A major player in the impeachment inquiry tragically passed away since our last update. On the morning of October 17, House Oversight Committee Chairman, Elijah Cummings died due to complications from longstanding health challenges. Cummings was at the forefront of the impeachment process and one of the top Democratic leaders. Representative Carolyn Maloney (D-NY) will serve as interim chair until a new permanent chair is selected, but there is no word at this time as to who may be selected. We here at Dentons offer our condolences to his family and friends.
As for the current state of play, Senate majority leader Mitch McConnell told Senate Republicans last week that he believes the articles of impeachment will be approved in the House by Thanksgiving and hopes the Senate trial will be completed by Christmas. Speaker Pelosi reiterated that the timeline depends on getting all of the facts. McConnell also clarified that Chief Justice John Roberts will preside over the Senate trial. Also last week, acting White House Chief of Staff Mick Mulvaney told reporters that the Trump administration withheld $400 million in military aid to Ukraine in return for investigations. For Democrats, Mulvaney’s statement all but confirms the premise of the impeachment inquiry that the Ukraine scandal did involve a quid pro quo. Mulvaney walked back on his statement hours later claiming there was no quid pro quo, a talking point Republicans have pushed since the transcript of the call was released.
It was a busy week for testimony. Top Russia advisor Fiona Hill testified in front of lawmakers on Monday that senior officials were deeply concerned, even before the phone call between Trump and Zelensky, by the activities of the US President and those close to him regarding Ukrainian diplomacy. Hill’s testimony also brought another major player into the Ukraine scandal—former National Security Advisor John Bolton—who may be called to testify in the near future.
On Tuesday, lawmakers heard testimony from Deputy Assistant Secretary of State George Kent, despite previous efforts by the State Department to block Kent’s testimony. Kent revealed that in a May 23 meeting, Mick Mulvaney told Kent that US special envoy Kurt Volker, who resigned last month; Secretary of Energy Rick Perry, who resigned last week; and US ambassador to the European Union Gordon Sondland would be tasked with Ukrainian diplomacy instead of career diplomats like Kent, who is considered a Ukraine policy expert.
The following day, Michael McKinley, former senior advisor to Secretary of State Mike Pompeo, told lawmakers that his decision to resign was over frustrations that the Trump administration was sidelining career diplomats on Ukraine policy and not supporting them during the impeachment process. Kurt Volker also met with lawmakers for a second time.
On Thursday, Sondland testified under subpoena that he did not agree with President Trump’s decision to delegate American foreign policy on Ukraine to his personal lawyer, Rudy Giuliani. Sondland’s testimony is at odds with other US foreign officials who have said Sondland willingly inserted himself into Ukrainian policy.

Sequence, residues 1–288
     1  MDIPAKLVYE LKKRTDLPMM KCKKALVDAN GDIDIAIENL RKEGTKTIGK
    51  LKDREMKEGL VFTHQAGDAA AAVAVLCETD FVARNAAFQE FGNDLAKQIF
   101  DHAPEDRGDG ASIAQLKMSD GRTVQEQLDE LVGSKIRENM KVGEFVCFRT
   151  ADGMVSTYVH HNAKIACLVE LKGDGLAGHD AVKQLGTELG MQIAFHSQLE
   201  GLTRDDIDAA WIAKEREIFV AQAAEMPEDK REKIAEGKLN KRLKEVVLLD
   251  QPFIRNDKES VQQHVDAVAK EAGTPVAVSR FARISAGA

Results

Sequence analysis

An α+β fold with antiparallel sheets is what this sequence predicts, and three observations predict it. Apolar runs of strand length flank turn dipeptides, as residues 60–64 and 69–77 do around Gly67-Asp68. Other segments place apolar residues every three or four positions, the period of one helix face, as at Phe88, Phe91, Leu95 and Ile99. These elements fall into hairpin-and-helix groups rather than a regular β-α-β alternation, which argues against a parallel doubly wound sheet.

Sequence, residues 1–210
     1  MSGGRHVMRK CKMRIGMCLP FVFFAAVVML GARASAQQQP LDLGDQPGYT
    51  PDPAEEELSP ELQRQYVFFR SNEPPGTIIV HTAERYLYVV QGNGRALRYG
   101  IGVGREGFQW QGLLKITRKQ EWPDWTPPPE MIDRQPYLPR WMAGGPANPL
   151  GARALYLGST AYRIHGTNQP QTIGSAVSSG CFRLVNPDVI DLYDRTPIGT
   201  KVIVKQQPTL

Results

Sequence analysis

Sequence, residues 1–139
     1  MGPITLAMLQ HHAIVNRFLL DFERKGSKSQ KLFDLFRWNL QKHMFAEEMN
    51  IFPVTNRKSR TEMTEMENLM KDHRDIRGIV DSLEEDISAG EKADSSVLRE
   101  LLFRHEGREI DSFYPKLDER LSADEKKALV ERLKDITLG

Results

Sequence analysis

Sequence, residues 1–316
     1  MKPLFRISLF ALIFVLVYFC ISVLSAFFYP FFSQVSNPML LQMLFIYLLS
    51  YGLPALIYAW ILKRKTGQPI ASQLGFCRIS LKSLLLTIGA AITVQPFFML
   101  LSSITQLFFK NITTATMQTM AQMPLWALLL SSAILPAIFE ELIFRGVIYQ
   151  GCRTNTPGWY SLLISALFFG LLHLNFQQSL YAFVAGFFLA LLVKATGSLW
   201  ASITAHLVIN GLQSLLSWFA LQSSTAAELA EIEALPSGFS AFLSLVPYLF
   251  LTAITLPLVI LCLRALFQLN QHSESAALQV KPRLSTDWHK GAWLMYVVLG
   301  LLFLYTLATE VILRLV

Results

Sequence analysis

As we mentioned last week, two of Rudy Giuliani’s business associates— Lev Parnas and Igor Fruman— were indicted and arrested by the Southern District of New York. The two were arrested at Dulles airport just before boarding a plane with one-way tickets. Both men were released after paying $1 million bonds, and are under house arrest. Two more men associated with Parnas and Fruman— Andrey Kukushkin and David Correia— were also arrested soon after. It was reported that SDNY prosecutors have been looking into Giuliani since August over a $500,000 payment from one of Parnas’ companies. Prosecutors are looking into Giuliani’s financials and plan to subpoena his bank records. On the impeachment front, Giuliani’s attorneys have also reportedly stated that he will defy a subpoena related to the impeachment inquiry.
Where are Americans on impeachment? Gallup recently released a poll measuring support for impeachment and removal of President Trump. Additionally, Gallup compared the sentiment of the two parties as to whether they believe President Trump should be impeached and removed from office. As expected, sentiment is split strongly between party lines.
Slim Majority Now Supports Trump’s Impeachment and Removal From Office Compared to When Mueller Report Was Released
|June 3-16, 2019^||October 1-13, 2019||Change|
|Yes, should be||45||52||+7|
|No, should not be||53||46||-7|
Support for Impeachment, by Political Party Identification: June vs. October 2019
|June 2019||October 2019||Change|
|% Yes, should be||% Yes, should be||(pct. pts.)|
This coming week, lawmakers will hear testimony from Laura Cooper, Deputy Assistant Secretary of Defense for Russia, Ukraine, and Eurasia. Top U.S. diplomat to Ukraine, Bill Taylor, will testify on October 22nd. Taylor was part of the texts messages between State officials and Giuliani which revealed specific details about the Ukraine scandal. Acting Office of Management and Budget Director Russell Vought will testify on Friday. There will also be testimony from two other lower level officials from the State Department and the Office of Management and Budget – Kathryn Wheelbarger, the Acting Assistant Secretary for International Security Affairs will testify Thursday, and Michael Duffey, the Associate Director for National Security Programs at the Office of Management and Budget will testify on Wednesday.
A date has not been set for the C.I.A. whistleblower to testify. Despite no official date, Democratic lawmakers assured that he will testify. Democrats plan on taking extreme step to ensure the anonymity of the whistleblower. A date has also not been set for the Counselor of the State Department and former classmate of Secretary Pompeo, Ulrich Brechbuhl. Given his close ties to the Secretary, lawmakers are eager to hear his testimony.